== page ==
One great thing about teaching in an independent school is having the independence and flexibility to take an inspiring conversation or chance meeting and turn it into a powerful learning opportunity for your students. Dean of Academic Program and Environmental Studies teacher Brent Powell took advantage of just such an encounter for his class this fall. Derryfield parent Erik Drake struck up a conversation with Brent when their sons were visiting Derryfield for a buddy day. The conversation turned to Brent’s Environmental Studies class and the issue of food sustainability when Mr. Drake mentioned that he works for Pete and Gerry’s Organic Eggs.
Pete and Gerry’s is a family-run organic egg producing business dedicated to producing the “freshest free range eggs on real, small family farms and are committed to the humane treatment of animals. All of their organic and free range egg products are Certified Humane, USDA Organic, and B-Corporation Certified.” As owner Jesse LaFlamme learned, in today’s world of global corporations, staying true to this type of endeavor is not easy. Jesse came back to his family’s farm the day after he graduated from college and took over the business started by his grandfather.
That chance encounter in the admission office turned into a three-week-long classroom project tackling the problem of how the company can best increase the sales while staying true to their mission. Mr. Powell wanted the students in his Environmental Studies class to focus on building the skill of problem-solving and change-making in the world to help address Pete and Gerry’s dilema of staying true to their local roots while growing nationally. Four groups of five students worked together to assess the challenges and develop proposals for possible solutions.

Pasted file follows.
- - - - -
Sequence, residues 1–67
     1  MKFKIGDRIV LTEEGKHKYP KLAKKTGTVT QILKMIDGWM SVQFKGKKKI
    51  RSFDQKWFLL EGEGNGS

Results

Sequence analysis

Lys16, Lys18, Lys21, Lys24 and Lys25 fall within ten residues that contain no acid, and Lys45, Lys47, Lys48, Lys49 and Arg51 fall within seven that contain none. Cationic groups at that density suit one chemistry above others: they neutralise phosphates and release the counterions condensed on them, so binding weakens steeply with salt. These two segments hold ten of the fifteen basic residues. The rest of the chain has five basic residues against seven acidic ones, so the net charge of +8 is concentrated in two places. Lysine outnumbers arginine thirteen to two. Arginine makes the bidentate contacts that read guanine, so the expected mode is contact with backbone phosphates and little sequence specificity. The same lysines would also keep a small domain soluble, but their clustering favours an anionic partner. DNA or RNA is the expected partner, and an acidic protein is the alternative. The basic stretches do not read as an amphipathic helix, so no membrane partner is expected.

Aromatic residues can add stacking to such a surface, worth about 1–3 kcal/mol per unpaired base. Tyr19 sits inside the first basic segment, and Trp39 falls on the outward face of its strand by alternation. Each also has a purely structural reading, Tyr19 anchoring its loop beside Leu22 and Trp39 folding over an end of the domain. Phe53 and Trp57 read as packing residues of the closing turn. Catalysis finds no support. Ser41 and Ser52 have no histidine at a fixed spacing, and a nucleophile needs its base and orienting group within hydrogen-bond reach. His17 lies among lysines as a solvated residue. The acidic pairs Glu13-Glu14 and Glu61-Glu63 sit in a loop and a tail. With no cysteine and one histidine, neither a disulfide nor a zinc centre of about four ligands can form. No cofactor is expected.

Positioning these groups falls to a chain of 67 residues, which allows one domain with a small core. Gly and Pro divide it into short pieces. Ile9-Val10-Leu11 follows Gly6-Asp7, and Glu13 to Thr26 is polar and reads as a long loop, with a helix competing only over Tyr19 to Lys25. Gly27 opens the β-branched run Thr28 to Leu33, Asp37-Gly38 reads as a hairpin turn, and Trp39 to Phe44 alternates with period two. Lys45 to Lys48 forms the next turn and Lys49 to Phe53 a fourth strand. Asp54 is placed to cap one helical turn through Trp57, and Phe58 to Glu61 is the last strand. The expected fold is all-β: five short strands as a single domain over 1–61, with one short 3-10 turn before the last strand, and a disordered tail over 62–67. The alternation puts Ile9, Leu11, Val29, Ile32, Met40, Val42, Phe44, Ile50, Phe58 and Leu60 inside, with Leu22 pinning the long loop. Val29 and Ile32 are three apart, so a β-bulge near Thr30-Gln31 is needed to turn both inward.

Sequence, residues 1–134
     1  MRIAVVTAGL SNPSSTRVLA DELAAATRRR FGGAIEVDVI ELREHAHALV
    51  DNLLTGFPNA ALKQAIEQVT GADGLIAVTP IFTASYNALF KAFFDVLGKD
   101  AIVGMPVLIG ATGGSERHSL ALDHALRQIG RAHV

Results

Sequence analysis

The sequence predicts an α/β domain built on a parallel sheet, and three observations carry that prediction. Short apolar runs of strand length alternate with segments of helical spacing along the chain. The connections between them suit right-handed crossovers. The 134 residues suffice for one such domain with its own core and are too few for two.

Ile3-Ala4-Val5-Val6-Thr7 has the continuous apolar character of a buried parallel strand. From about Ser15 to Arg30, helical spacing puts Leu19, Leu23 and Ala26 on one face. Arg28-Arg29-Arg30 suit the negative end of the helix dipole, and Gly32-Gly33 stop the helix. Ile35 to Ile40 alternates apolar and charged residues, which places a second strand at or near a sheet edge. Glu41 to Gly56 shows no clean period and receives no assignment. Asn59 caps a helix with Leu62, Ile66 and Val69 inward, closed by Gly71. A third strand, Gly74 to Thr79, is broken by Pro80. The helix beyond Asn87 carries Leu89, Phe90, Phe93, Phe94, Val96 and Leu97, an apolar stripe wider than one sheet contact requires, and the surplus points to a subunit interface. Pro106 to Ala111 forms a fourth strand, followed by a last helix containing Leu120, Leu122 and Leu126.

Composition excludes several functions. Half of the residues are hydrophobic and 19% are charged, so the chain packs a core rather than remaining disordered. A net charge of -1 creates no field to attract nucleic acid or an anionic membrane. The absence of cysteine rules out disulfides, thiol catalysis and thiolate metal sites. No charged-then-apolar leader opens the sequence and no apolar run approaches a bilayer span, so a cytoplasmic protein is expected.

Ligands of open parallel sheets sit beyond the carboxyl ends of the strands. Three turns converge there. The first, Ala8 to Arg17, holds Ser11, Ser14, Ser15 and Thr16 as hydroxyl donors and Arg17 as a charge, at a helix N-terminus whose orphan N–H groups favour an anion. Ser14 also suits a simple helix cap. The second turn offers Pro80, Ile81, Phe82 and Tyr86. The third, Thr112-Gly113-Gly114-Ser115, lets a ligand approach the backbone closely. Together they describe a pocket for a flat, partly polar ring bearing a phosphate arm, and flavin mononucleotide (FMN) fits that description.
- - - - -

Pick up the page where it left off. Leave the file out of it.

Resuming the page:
All in all, it was a great learning experience for everyone involved. Both Mr. LaFlamme and Mr. Drake were able to attend the presentations, and were impressed with the execution and poised maturity of the groups. The students came up with some insights that they found useful and that the company might consider using. Erik says he was excited about the prospect of helping Derryfield students learn about sustainability and better food choices, adding that he loves working at a place he is proud to tell his family about.
Parents were invited to attend the presentation, and were impressed with the depth of presentations. One shared, “I liked that there were so many aspects of learning with this project; research, planning, environmental and business info, visuals and the dynamics of a group project. The students were well-spoken, even off the cuff. I liked that they were able to defend their ideas.” Another contended, “giving a real-world problem, empowering them to believe that their ideas actually mattered, allowing school time, and delivering an end result exactly like ‘grown ups’ have to do - brilliant!”
The kids enjoyed the experience, as well. Sophomore Julia Tilton liked that they had a lot of freedom to explore different strategies and scenarios for marketing. In addition, she found the project “engaging because it had a real life aspect, which made it more interesting than a typical school project, which may not have had the same real world connections.” The fact that the students presented directly to the owners of the company and then received their feedback made a big impression on Julia, as well. According to Mr. Powell, time and again the students mentioned the family aspect of the company and noted how much they liked that it was held together by relatives. It was especially meaningful that students were able to work closely with a company that so deeply values family, one of Derryfield’s core values.